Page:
I harvested all of these beautiful hot peppers to make pickled peppers for Mr. Kent.

I harvested all of these beautiful hot peppers to make pickled peppers for Mr. Kent.

I found a few more tomatillos when I had more time to really look.

I found a few more tomatillos when I had more time to really look.

Monday's harvest included lots of tomatoes and cucumbers.

Monday’s harvest included lots of tomatoes and cucumbers.

We got okra and tomatillos as well.

We got okra and tomatillos as well.

And some cantaloupe and kohlrabi, and parsley.  Yum yum.

And some cantaloupe and kohlrabi, and parsley. Yum yum.

We were planning to let our sunflowers dry on the stalks, but the birds had other plans, so we cut them down, explored them a big and laid them on a screen to dry in the shed and harvest them from there.

Tuesday we harvested some of our sunflower heads.  We were planning to let our sunflowers dry on the stalks, but the birds had other plans, so we cut them down, explored them a bit and laid them on a screen to dry in the shed and harvest them from there.

Yesterday's harvest gave us more tomatoes, melons, okra, cucumbers, a few green beans, and some more tomatillos!

Yesterday’s harvest gave us more tomatoes, melons, okra, cucumbers, a few green beans, and some more tomatillos!  (And as usual, plenty of SMILES!)

Garden Glory-Our First Cantaloupe

We finally harvested our first ever cantaloupe! This week’s harvest was plentiful and exciting for me and the Little Sprouts! We harvested over 56 pounds of food this week. Take a look!

Monday's pick.  We picked 35 pounds of tomatoes this week.  I was amazed.  Salsa, here we come!

Monday’s pick. We picked 35 pounds of tomatoes this week. I was amazed. Salsa, here we come!

 

Corn picking was very fun.

Corn picking was very fun.

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We finally got a batch of brussel sprouts.  They grow so pretty.

We finally got a batch of brussel sprouts. They grow so pretty.


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The first cantaloupe slipped off the vine of our mystery volunteer plant.  We can't wait to taste it.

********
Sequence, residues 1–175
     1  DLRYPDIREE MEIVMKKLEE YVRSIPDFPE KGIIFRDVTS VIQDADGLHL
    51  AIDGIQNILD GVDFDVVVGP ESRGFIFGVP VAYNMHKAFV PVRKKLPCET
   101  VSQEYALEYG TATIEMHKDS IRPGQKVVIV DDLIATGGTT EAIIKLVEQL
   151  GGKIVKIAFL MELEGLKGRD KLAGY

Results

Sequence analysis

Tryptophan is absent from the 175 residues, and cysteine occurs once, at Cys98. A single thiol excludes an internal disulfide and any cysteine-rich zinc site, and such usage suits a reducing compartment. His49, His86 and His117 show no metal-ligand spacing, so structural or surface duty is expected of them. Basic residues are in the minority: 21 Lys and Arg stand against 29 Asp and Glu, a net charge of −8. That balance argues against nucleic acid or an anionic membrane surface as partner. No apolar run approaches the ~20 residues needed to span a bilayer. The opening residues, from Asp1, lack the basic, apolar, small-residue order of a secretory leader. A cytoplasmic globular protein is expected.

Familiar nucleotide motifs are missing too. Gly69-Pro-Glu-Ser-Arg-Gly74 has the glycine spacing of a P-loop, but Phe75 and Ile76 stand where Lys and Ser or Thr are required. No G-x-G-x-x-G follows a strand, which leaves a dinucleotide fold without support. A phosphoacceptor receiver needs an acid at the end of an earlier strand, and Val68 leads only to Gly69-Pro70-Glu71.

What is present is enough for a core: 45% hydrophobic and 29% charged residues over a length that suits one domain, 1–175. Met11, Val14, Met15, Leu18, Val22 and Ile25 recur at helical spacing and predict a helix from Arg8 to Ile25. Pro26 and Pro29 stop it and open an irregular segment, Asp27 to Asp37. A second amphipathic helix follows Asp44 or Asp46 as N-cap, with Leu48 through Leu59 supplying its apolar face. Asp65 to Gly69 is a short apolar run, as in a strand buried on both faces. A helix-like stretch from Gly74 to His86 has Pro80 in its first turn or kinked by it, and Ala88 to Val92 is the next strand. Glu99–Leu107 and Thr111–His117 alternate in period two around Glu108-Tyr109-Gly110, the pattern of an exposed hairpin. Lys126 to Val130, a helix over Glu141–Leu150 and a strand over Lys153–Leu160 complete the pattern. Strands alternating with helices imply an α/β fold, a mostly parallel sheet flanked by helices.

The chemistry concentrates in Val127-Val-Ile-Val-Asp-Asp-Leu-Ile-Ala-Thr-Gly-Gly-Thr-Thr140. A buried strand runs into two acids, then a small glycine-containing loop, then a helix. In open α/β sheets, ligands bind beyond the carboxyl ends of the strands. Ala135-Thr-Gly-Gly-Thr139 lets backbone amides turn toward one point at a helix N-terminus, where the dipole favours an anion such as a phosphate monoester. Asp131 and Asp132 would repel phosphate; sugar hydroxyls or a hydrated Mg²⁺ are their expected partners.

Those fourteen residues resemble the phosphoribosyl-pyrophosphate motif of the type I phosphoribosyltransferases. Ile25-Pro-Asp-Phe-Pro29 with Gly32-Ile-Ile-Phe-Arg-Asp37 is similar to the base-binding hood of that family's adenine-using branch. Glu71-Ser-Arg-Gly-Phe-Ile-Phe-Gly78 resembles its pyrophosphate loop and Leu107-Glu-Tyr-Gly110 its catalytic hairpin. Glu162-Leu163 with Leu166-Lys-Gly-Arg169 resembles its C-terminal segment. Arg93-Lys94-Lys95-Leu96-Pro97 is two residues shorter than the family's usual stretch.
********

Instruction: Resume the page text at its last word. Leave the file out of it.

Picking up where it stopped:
The first cantaloupe slipped off the vine of our mystery volunteer plant. We can’t wait to taste it.

 

We got a pound of carrots.  They are hard to pick.

We got a pound of carrots. They are hard to pick.

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There are bunches of tomatoes coming on.

There are bunches of tomatoes coming on.

 

This thing weighed a whole pound!

This thing weighed a whole pound!

 

This little fella visited us in the carrot patch.

This little fella visited us in the carrot patch.

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This was our best week in the garden yet. It was really fun to see the kids be so excited about some success. What did you pick this week?

Garden Glory- Tomatoes….

This week was a success in the garden. We harvested a lot of tomatoes. Tomatoes are so tasty and so versatile. They can be used cooked or raw and can be made into a ton of different things. Tomatoes are a real gem in the garden bounty. What else did the Little Sprouts pick this week? Here’s a peek at our 23 pounds of veggies. kids harvesting veggies gardening with kids Kids gardening

If you have thought about gardening with kids, but don’t know where to start, click here to watch a video about the basics. It’s not as hard as you think and the benefits of getting in the dirt are overwhelming. The garden can teach math, science, reading, and so many other things. Get outside and turn your kids into botanists, entomologists, or whatever your heart can dream up!